Literary critic Norman Klassen discusses the symbolic significance of dialogue and pilgrimage in Geoffrey Chaucer’s Canterbury Tales. While many Chaucer scholars attempt to extract Chaucer from his medieval context, contrasting his apparent secular emphasis over against the sacred themes of literary contemporaries such as Dante, Klassen sees Chaucer’s pilgrimage as a symbolic affirmation of the one, true Church. The pilgrimage of the Canterbury Tales plays out (albeit imperfectly) through dialogue and fellowship our need for each other that Christian ecclesiology says is necessary in order for us to fulfill our ultimate supernatural ends. Drawing from Rowan Williams and Mikhail Bakhtin, Klassen argues that the conversational fellowship of the Tales presents a view of freedom that assumes a natural dependency on others and ultimately on God.
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“He was an engaging lecturer. He knew numbers. For instance, he could tell you the number of particular hymns in practically any hymnal you would mention. . . . He was a superb pianist himself. A man of many, many talents. And of course, an incredible writer.”
— James Litton
In addition to the Reformation, 2017 marks the centenary anniversary of English hymnologist Erik Routley (1917-1982). Routley spent his career writing and teaching about the theological and liturgical significance of the Church’s musical tradition. He was a prolific author, writing numerous books and articles, including Church Music and the Christian Faith, The Musical Wesleys, and Hymns and Human Life. Routley taught music at both Princeton Theological Seminary and Westminster Choir College, two posts which he shared with his student, friend, and colleague James Litton. In this conversation, renowned choral conductor, James Litton, shares some of his personal reflections on the life and work of Erik Routley.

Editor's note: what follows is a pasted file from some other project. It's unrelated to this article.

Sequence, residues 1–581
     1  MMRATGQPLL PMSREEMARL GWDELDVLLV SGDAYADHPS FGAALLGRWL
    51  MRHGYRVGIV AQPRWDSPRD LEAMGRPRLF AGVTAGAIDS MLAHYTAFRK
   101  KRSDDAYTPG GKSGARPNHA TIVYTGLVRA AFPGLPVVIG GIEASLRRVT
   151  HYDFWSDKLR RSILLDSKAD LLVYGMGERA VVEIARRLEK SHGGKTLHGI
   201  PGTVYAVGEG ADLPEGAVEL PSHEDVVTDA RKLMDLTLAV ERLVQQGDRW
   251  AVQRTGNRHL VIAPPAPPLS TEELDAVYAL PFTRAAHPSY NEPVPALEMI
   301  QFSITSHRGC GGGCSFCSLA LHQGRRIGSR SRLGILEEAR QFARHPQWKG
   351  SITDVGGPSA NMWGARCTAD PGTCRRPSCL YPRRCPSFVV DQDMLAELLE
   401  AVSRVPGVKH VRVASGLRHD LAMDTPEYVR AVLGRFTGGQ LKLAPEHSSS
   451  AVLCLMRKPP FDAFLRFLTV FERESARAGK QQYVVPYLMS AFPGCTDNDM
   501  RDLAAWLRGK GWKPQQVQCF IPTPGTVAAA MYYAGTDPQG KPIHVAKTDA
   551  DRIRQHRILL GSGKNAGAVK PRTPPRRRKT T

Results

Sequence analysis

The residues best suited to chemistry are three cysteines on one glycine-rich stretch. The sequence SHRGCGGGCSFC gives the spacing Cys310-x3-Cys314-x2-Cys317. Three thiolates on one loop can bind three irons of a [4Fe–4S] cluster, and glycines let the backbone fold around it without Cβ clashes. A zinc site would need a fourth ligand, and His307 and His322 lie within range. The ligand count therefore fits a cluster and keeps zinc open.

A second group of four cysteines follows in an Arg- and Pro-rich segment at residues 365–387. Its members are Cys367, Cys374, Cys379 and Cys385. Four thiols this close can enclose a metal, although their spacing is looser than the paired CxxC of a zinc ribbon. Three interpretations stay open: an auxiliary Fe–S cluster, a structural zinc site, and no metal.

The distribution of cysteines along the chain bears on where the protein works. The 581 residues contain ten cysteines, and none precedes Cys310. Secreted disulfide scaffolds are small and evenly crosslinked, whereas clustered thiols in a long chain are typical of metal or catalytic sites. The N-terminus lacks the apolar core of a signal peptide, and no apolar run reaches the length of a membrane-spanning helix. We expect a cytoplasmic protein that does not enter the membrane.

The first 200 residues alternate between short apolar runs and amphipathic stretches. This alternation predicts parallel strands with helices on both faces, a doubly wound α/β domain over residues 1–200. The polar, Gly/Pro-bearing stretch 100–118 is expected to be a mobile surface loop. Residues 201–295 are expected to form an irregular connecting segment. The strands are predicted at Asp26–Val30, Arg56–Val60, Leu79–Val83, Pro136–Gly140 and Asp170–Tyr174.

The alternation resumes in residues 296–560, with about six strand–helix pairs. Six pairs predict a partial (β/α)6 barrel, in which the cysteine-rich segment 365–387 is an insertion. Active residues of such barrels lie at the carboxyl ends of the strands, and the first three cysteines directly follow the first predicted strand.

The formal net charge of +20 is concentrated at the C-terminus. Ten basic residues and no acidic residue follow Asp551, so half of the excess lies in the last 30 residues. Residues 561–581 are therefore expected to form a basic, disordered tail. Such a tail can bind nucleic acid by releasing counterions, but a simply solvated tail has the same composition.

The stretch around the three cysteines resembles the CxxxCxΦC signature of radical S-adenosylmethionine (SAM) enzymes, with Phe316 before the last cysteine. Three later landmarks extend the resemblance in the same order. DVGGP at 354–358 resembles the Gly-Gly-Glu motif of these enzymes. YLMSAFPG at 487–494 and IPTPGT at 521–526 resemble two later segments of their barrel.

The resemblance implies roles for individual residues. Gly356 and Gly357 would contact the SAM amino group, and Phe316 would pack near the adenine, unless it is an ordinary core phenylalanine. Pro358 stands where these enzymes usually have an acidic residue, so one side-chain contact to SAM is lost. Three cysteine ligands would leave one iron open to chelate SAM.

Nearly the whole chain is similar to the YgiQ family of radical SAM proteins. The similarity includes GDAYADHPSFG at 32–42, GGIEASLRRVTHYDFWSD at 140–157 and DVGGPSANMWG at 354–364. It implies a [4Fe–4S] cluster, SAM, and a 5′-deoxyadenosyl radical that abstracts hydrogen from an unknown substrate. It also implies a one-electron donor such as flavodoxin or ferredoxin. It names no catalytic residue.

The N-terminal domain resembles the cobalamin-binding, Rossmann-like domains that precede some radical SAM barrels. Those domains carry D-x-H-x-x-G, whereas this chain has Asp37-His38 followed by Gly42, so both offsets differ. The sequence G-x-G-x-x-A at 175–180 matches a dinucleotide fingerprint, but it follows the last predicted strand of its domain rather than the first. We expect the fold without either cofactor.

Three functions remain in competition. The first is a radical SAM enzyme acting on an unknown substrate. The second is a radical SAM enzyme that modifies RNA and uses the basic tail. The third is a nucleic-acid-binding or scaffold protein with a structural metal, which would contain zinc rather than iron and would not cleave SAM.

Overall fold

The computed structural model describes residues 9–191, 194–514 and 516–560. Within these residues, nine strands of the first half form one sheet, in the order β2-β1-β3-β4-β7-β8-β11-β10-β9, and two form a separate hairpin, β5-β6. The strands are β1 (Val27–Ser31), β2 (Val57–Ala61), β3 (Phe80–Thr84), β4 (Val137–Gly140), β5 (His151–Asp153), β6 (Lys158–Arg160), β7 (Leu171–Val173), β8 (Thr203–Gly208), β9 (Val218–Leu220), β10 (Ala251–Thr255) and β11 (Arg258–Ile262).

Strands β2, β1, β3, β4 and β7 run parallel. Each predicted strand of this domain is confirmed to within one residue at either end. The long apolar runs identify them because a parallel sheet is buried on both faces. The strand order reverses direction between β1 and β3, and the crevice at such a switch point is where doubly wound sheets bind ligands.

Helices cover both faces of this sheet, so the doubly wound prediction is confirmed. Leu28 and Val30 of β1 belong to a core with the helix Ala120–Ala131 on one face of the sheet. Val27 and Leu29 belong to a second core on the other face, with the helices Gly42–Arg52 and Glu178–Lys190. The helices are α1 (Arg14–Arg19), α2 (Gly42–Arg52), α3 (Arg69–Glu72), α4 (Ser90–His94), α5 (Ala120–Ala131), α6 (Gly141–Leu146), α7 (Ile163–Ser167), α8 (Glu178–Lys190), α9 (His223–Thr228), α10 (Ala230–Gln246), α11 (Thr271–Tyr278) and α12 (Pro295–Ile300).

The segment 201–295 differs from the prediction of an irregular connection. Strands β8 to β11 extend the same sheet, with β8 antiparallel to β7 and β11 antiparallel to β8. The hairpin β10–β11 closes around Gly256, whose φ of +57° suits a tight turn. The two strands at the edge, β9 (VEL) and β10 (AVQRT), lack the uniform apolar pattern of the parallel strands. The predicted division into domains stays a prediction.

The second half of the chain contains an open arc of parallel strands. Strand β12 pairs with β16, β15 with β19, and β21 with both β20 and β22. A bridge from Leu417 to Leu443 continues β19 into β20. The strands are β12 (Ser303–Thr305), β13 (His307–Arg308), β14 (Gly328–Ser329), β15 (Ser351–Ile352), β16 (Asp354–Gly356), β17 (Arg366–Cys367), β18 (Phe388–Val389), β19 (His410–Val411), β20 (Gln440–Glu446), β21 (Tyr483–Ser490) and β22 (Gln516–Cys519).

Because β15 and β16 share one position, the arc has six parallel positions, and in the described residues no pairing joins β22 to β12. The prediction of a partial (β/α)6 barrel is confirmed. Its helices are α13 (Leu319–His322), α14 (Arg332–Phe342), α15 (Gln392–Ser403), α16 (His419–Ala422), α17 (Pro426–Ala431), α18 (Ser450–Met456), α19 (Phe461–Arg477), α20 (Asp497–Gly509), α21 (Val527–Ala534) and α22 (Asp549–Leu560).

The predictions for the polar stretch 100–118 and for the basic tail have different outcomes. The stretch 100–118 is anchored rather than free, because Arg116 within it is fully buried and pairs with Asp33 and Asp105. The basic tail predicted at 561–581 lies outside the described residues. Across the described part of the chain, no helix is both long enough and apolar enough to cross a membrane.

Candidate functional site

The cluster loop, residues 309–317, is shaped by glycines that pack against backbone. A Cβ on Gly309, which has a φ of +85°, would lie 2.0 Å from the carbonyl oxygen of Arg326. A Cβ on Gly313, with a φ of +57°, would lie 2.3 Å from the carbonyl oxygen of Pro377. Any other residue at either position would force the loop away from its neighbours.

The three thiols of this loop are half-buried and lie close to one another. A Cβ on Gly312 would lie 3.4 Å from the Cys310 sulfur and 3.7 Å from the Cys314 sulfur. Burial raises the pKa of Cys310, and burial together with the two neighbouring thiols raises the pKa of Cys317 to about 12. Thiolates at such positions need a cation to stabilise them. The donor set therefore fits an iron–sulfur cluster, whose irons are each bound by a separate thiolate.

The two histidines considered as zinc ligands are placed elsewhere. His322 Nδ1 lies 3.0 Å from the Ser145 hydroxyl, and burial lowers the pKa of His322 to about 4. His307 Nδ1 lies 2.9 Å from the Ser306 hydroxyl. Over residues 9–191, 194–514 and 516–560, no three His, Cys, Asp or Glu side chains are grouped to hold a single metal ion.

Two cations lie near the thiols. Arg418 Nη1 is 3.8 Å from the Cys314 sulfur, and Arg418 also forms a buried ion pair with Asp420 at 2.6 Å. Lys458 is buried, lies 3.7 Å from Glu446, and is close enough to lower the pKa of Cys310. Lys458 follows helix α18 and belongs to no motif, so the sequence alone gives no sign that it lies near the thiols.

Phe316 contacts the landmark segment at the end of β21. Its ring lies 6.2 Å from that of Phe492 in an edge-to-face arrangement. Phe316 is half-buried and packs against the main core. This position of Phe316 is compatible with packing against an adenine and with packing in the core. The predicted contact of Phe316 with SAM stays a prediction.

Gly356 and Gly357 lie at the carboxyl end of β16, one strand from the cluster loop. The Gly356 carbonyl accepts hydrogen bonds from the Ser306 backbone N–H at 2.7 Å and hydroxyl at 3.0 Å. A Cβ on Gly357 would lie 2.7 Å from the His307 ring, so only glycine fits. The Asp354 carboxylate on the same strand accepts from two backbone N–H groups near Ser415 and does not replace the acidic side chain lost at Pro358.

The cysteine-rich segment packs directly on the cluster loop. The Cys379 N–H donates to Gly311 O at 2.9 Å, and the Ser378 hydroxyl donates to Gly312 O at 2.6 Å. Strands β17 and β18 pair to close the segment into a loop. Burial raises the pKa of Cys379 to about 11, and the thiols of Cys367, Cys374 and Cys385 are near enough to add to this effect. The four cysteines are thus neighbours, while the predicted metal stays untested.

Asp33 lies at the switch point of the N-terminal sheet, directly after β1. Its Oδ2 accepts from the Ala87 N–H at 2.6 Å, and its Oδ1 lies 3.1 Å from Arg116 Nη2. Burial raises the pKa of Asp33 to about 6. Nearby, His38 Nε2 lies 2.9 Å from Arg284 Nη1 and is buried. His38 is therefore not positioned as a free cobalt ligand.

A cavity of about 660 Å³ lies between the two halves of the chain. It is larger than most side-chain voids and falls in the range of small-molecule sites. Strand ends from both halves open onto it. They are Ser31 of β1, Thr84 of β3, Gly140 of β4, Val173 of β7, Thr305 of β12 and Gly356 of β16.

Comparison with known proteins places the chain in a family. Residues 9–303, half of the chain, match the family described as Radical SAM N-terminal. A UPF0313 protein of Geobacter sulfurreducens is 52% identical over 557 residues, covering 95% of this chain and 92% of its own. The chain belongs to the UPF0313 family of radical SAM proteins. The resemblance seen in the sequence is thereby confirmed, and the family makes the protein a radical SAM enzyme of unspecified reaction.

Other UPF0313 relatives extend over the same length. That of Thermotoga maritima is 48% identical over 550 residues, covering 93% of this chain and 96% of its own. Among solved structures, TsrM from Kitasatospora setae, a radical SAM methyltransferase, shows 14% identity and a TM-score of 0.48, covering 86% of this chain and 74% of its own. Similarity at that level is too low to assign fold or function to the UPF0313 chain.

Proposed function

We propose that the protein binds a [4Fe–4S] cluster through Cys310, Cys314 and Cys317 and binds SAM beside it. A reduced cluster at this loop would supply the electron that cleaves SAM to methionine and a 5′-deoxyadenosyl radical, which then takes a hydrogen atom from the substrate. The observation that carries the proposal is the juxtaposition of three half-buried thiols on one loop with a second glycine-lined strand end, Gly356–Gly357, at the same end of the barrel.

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“I think what Powers is trying to say is ‘No look, there’s a whole other side: there’s a lot of boring Tuesday afternoon at 4 o’clock stuff going on in the priesthood.’ And I think that’s what he wanted to show. I think he wanted to show that the priesthood was not glamorous, but that there was a profound struggle going on.”
— Joseph O’Brien
This final segment of the issue features an interview about the Catholic short story author and novelist J. F. Powers (1917-1999), who was also born one hundred years ago this year. Known among literary circles as a “writer’s writer,” Powers’s output was modest, but his craft was exceptional. At the time of his death in 1999, however, none of Powers’s fiction was in print and since then, despite the reissue of all of his works by the New York Review of Books, Powers has faded into greater obscurity among the general population. Journalist Joseph O’Brien joins us here to reflect on the two features in the writing of J. F. Powers that make him both attractive and confusing for contemporary readers: his penchant for writing about the lives of priests and his preference for setting his stories in the American Midwest.